Ayew hopes to copy his father and win top African award


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The Independent Football

Ghana winger Andre "Dede" Ayew could cement his family's status as Africa's foremost soccer dynasty if he emulates his father by becoming the continent's Footballer of the Year today. Ayew is one of three candidates for the Confederation of African Football (Caf) 2011 award to be announced in Accra, when he goes up against Seydou Keita, of Mali, and Ivory Coast midfielder Yaya Touré for the accolade.

Ayew's father, Abedi Pele, was the first player to win the award three times, winning from 1991 to 1993 mainly for his achievements at club level with Marseilles.

Ayew's successful year at the same club, plus his role in helping Ghana qualify for next year's African Nations Cup finals, sees him make the short-list of candidates. But it is more likely that his popular bow-legged running style and silky touches, strongly reminiscent of his father, has dominated the thinking of the judges who have controversially omitted several other worthy candidates.

Those missing out include Moussa Sow, of Senegal, a top-scorer with Lille, and Ivorian Gervinho, his fellow striker at the French champions before joining Arsenal.

Ayew, who was just two years old when his father was first named African Footballer of the Year, will be the sentimental favourite at the gala awards night in Ghana but he faces a strong challenge from Keita and Touré.

Mali's Keita made more appearances for Barcelona last season than any other outfield player and had a brief cameo as a late substitute in the Champions League final win over Manchester United at Wembley in May. But the 31-year-old boycotted Mali's national team until last month in a dispute with federation officials.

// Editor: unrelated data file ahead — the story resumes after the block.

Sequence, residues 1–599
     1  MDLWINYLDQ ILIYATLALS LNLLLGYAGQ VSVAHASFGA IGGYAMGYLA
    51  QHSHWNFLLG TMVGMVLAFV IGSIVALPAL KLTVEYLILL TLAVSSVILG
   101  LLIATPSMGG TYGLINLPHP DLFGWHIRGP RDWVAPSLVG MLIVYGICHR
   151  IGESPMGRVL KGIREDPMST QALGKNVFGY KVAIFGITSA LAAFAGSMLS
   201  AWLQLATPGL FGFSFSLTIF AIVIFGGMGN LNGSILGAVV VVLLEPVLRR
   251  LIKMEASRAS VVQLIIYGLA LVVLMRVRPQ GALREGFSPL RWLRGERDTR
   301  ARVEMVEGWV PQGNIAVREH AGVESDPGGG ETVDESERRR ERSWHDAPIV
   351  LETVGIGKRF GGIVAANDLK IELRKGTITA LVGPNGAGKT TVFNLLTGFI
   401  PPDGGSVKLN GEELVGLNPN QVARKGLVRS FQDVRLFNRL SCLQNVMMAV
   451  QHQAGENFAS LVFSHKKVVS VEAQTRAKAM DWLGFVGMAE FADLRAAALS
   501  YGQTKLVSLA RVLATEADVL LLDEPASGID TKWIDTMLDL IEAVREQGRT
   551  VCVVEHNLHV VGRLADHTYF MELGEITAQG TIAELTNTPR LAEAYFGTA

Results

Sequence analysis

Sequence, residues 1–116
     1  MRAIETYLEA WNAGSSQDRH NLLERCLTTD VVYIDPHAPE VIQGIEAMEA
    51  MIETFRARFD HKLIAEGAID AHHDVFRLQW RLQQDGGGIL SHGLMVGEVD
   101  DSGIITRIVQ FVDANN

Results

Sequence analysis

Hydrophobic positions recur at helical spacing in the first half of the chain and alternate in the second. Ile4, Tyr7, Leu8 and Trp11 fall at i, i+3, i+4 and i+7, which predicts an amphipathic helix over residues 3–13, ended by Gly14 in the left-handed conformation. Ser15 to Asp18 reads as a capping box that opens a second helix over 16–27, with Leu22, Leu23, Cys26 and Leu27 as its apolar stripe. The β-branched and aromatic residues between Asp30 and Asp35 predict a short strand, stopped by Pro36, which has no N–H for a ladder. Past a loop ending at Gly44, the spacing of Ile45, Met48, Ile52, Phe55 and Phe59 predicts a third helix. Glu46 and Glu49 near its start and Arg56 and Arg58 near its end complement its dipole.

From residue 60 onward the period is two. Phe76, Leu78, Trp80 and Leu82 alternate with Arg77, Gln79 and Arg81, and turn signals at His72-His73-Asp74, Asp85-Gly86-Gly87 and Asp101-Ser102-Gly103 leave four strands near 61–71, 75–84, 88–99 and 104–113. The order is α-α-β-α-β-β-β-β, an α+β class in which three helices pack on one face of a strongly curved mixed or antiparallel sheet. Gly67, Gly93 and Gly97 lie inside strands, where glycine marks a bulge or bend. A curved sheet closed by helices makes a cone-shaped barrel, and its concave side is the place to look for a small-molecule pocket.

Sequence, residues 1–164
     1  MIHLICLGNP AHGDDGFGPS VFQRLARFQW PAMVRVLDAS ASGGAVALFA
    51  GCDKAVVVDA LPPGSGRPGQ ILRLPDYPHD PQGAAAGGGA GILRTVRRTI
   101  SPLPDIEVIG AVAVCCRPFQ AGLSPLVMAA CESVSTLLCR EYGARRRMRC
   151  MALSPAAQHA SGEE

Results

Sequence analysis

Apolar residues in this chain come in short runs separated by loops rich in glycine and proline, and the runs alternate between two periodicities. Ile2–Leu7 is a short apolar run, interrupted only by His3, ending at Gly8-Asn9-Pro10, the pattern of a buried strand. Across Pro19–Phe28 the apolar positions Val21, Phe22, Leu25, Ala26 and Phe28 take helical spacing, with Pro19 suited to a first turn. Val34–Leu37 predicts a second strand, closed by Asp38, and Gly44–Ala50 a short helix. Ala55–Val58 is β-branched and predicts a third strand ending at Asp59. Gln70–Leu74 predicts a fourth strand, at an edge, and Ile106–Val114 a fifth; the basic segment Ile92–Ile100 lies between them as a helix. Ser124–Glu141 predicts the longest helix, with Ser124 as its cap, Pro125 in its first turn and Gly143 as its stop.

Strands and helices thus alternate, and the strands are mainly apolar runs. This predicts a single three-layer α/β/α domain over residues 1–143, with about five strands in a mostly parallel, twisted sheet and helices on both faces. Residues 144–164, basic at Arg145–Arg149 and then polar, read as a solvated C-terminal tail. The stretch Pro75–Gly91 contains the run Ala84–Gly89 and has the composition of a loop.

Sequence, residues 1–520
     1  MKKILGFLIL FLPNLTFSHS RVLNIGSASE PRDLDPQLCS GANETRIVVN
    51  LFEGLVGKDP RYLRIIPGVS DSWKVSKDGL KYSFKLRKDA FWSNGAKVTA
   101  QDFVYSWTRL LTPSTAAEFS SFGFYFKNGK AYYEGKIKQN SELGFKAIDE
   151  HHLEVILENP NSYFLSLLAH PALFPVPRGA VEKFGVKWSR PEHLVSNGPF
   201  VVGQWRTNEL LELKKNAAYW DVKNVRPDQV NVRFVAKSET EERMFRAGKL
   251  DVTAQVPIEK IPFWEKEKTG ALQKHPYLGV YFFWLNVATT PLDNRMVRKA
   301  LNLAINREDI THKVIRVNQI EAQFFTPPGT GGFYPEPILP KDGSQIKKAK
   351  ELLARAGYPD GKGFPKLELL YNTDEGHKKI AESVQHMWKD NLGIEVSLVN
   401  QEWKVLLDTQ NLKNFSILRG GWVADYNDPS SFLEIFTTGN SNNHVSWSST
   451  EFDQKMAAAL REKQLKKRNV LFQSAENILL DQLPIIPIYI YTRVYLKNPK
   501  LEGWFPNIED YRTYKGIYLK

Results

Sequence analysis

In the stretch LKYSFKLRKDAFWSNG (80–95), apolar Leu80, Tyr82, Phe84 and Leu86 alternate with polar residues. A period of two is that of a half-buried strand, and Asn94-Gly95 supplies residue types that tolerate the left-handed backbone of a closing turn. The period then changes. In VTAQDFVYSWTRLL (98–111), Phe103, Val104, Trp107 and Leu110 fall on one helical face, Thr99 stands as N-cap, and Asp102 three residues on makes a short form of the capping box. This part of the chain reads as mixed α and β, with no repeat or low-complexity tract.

Touré scored the FA Cup final winner for Manchester City against Stoke City in May and has been a regular in the club's ascent to the top of the Premier League this season. Touré, 28, also played an important role as Ivory Coast achieved the only 100 per cent record in the Nations Cup qualifiers.

If Ayew wins, he will be the second European-born player to take the award having been born in France in 1989, when his father played at Lille. Paris-born Frédéric Kanouté, of Mali, won the award in 2007. The African Footballer of the Year is decided by one vote from each of the 53 Caf member associations, cast either by the national coach or technical director.

Meanwhile, the CSKA Sofia defender, Kostadin Stoyanov, faces a ban of up to two years after he failed a drugs test, the Bulgarian club announced yesterday. Bulgaria international Stoyanov, 25, tested positive for the banned stimulant Methylhexanamine after CSKA's 1-0 league win over their city rivals, Levski on 28 October.

CSKA, 31-times Bulgarian champions, said the analysis of Stoyanov's B sample confirmed the presence of the banned substance in his urine.

"We have nothing to hide, it's a fact," CSKA's lawyer Radostin Vasilev told local media, adding that the club would give more details at a news conference.

Stoyanov, who was instrumental in helping CSKA to win the Bulgarian Cup last season, will find out the length of his ban in the next three weeks.

"The possible sanction is between six months and two years," said Belcho Goranov, general secretary of the Bulgarian Olympic Committee, which will decide the length of Stoyanov's suspension.